When I started Planet Organic we started with respect. Respect for the land, respect for the farmers, the animals, the plants, the people who consume that and respect for the planet as a whole. It’s a real theme running throughout my life and the work I do today. Organic holds a place as it is a solution for agriculture going forward. It forms part of a jigsaw puzzle for living and farming differently as we move forward.
Where do you personally get your inspiration from? Who are the characters and people you admire?
If I go back to the past, as mentoring didn’t really exist then, and I do a lot of mentoring now for start ups, my role model was probably Anita Roddick. For her campaigning, being thoughtful, sustainable, intelligent and treading lightly on the earth. She was a real role model for me. What I find inspiring now is all of the young entrepreneurs with whom I work, who have incredible ideas. They often come to me and say, why is no one doing this, is this not a good idea and I say, no you’re just the first person to think of it. They have brilliant ideas with integrity and with sustainability at the core of what they do.
Talking about that word, sustainability, it’s really loaded and one of the questions I asked the panel at our Sustainable Gastronomy Day event was what sustainability meant to them, so what does sustainability mean to you?
It’s getting harder and harder to be truly sustainable. Everyone eating avocados because they are good for you or coconuts, as soon as we turn our hungry eyes towards something, it becomes an issue. For me sustainability is about being thoughtful, walking lightly upon the earth, and causing the least damage and harm and if you do, finding a way to turn it around. It’s very difficult to be black and white about it. The moment you start talking about almond milk and the water used to grow almonds for it, that becomes a minefield. But it’s all about being informed and then making intelligent thoughtful choices.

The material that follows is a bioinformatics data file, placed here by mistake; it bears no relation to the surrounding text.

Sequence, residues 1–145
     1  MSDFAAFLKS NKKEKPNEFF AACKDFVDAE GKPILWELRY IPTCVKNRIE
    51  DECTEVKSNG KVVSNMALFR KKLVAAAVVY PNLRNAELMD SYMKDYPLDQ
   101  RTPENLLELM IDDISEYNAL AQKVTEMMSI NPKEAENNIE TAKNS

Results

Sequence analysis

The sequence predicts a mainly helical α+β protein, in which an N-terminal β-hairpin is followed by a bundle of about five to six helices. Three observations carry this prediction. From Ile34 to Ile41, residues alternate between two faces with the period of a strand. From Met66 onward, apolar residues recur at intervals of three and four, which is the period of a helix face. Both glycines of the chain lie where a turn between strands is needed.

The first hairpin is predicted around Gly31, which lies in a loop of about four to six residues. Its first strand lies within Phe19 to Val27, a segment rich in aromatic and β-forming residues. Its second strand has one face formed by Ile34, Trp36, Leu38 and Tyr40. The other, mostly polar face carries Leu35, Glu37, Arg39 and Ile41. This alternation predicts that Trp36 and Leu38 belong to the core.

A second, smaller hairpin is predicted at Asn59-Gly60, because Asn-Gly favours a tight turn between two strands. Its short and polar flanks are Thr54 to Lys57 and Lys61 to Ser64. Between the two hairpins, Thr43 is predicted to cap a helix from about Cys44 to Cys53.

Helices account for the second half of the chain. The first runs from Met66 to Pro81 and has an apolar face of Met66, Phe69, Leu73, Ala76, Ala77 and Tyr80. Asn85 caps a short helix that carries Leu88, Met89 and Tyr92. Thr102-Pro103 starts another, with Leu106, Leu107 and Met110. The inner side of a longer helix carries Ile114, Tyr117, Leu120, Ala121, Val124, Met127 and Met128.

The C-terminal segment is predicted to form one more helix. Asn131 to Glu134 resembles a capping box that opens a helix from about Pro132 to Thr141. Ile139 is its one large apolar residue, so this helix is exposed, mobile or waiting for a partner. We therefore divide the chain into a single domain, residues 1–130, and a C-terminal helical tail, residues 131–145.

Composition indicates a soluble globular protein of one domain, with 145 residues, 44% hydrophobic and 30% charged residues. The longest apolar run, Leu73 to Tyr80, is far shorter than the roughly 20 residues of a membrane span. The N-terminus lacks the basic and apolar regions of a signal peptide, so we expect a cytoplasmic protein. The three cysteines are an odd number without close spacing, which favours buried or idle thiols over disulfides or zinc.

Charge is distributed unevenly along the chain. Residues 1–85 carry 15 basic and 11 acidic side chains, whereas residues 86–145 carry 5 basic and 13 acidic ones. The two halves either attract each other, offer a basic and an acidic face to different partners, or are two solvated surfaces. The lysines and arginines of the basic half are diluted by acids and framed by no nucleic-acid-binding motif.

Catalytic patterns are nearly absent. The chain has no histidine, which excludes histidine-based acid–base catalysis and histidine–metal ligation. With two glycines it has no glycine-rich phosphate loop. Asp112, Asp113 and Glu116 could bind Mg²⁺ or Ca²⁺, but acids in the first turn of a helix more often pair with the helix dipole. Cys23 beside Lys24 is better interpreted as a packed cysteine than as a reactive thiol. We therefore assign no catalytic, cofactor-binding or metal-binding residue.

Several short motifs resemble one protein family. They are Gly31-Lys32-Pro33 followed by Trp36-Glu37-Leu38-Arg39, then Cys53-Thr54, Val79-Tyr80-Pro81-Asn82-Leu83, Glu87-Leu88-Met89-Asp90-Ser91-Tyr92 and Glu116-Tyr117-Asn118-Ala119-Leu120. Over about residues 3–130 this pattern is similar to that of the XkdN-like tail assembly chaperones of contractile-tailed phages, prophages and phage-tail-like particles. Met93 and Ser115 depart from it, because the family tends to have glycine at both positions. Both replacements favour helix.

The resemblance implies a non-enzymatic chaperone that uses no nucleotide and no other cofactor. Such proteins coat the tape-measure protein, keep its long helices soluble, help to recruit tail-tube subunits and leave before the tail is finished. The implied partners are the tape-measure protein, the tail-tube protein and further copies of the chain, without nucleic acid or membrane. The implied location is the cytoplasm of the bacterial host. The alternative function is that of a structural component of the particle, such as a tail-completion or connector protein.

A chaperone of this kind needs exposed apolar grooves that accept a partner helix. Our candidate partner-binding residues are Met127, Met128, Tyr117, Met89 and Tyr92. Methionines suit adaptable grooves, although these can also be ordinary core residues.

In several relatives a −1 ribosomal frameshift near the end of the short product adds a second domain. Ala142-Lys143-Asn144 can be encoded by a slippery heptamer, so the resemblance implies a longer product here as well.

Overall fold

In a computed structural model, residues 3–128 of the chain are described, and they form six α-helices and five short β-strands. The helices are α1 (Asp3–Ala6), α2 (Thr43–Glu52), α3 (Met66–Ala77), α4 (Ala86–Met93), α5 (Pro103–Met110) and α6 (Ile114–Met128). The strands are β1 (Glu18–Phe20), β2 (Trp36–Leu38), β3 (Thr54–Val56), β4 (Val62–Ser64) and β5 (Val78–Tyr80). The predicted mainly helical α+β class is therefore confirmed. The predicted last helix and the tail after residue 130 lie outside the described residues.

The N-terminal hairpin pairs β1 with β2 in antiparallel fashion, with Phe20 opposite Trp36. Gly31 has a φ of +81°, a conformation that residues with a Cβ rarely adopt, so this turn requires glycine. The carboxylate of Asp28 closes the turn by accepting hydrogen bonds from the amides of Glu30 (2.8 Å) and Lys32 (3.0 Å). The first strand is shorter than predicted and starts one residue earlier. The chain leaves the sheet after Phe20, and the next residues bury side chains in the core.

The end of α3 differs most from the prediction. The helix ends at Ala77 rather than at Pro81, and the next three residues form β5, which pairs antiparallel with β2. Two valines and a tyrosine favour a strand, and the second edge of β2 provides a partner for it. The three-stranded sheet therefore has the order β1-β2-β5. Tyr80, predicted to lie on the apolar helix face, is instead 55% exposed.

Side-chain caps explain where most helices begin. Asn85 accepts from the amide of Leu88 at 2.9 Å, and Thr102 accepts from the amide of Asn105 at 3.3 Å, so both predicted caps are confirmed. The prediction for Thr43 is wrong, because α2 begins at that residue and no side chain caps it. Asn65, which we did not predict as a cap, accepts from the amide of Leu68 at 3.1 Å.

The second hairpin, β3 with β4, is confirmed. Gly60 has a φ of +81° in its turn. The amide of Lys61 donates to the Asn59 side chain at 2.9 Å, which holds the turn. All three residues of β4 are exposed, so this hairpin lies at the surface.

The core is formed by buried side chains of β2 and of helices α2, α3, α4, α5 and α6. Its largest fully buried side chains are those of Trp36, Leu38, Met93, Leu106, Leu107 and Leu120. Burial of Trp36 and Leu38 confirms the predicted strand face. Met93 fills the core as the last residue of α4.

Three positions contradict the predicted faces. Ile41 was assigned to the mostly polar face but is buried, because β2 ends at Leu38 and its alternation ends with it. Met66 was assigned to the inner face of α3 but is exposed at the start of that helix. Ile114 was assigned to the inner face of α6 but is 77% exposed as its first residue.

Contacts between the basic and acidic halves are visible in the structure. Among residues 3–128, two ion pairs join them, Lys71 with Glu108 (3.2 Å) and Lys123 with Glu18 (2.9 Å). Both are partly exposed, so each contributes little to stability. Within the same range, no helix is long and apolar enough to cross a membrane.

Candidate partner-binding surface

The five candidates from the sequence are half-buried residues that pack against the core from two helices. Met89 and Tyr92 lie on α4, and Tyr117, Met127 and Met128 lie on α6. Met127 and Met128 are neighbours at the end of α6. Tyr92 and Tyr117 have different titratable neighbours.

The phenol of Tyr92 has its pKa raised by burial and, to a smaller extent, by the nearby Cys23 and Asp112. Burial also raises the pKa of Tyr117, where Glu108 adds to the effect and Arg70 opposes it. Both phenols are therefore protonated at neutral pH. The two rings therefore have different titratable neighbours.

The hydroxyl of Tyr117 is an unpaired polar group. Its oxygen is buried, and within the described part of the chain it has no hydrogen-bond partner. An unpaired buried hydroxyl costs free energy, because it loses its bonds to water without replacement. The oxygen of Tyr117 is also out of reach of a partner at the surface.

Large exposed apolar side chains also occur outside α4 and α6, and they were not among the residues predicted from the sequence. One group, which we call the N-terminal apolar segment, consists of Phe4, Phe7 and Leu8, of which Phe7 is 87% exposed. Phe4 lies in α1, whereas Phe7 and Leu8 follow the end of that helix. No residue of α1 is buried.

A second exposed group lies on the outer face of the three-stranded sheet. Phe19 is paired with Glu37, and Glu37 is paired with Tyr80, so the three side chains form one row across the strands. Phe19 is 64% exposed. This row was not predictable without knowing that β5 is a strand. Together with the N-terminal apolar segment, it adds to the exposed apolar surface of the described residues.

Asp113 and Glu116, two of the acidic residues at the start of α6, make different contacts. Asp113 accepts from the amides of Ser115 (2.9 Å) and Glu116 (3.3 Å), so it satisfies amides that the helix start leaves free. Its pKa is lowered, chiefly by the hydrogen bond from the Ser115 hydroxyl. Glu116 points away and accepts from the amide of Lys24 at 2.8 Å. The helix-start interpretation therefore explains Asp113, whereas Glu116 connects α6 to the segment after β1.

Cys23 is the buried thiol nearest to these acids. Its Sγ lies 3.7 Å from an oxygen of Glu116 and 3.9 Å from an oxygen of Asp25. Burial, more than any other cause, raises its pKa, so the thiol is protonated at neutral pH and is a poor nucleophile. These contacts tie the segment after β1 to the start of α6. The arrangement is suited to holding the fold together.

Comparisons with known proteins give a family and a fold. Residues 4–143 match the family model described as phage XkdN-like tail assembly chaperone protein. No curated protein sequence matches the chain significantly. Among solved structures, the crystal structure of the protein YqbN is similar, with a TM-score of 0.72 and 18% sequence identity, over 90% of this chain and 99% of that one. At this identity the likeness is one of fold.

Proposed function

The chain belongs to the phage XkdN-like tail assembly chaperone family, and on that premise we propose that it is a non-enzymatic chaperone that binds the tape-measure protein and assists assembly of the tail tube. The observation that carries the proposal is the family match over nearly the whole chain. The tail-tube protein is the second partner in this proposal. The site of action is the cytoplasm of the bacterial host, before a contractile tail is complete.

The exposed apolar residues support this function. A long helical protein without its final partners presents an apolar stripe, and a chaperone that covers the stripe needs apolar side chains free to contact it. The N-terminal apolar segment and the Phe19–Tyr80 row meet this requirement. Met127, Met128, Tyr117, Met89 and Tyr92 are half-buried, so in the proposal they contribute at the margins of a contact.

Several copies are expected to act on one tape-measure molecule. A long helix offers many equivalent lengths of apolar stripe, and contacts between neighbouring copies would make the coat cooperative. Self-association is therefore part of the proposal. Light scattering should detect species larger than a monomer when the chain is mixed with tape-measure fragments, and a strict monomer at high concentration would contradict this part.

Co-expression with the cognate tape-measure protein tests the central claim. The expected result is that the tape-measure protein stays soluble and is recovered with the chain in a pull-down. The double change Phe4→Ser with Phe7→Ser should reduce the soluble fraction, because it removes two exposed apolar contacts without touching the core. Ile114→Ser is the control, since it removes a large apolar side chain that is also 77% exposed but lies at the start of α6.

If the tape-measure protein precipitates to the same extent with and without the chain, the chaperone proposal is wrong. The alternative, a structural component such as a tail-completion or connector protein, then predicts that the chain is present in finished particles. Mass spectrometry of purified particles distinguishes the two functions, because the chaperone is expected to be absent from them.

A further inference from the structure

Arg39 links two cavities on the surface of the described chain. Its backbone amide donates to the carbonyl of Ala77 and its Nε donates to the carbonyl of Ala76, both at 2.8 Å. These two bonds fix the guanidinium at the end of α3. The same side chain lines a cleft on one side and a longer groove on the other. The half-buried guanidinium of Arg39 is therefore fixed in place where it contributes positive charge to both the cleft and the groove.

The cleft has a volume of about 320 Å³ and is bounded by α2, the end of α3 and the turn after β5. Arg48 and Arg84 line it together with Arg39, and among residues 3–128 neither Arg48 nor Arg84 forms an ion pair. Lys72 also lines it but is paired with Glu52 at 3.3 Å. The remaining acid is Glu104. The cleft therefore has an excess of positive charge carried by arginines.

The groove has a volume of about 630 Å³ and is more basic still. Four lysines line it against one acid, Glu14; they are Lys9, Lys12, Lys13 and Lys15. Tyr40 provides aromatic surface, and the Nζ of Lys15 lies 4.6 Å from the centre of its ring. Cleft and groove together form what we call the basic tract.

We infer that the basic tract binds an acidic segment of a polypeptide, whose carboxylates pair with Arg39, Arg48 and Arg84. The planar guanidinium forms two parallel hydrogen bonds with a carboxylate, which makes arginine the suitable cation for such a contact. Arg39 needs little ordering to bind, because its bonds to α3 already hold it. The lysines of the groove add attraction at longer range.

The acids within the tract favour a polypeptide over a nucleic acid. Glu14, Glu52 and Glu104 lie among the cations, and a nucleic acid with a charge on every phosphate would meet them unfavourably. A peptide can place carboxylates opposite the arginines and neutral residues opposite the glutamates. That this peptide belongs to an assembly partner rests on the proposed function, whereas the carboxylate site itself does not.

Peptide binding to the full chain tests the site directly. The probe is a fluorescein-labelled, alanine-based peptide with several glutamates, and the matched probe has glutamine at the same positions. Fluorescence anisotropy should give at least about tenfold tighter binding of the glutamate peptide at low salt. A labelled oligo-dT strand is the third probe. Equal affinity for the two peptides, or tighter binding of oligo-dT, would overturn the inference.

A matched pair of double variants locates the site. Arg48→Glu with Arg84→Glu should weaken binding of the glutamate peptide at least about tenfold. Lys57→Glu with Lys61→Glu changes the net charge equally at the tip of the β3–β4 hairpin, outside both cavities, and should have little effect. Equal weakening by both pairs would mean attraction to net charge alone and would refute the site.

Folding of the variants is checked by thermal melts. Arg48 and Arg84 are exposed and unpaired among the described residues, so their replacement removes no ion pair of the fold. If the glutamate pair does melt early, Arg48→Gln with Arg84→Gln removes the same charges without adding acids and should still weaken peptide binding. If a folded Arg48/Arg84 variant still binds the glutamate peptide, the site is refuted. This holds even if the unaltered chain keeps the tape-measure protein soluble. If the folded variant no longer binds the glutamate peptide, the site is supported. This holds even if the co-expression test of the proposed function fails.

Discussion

Do you think it’s possible for sustainability to become “sexy” in the same way as the “war on plastic”?
I definitely think that’s happening. I think the movement is going that way. Whatever you do or don’t like about the internet, as an exchange of information is very powerful to changing the public’s consciousness.
If people were to pitch their food products to you at Planet Organic, what are the sorts of things that you are looking for?
We are looking for all kinds of things. We want to keep core products but introduce new ones. We are looking for innovation, authenticity, values and cutting edge products. Often we work with young companies who have a good idea where they are really a step ahead. They may have a great idea but don’t quite know where to go with it. So I will introduce them to our buying team, who may say you might want to go this way with your product. They have such a sense of what’s happening in the market place and where things are going.
How do you try to get people to wade through all the healthy eating information and health myths – for example ultra processed foods we hear so much about?
The number of times I have people, particularly women, in front of me who feel paralysed as there are so many choices out there. Should I go for local or organic, or fair trade? It is complicated there are a lot of voices out there telling you what you should or shouldn’t do. It is tricky. Organic is highest quality, it is better for you and it is better for the environment. Some people can’t afford to eat organically. My advice is to try to eat organic what you eat the most of.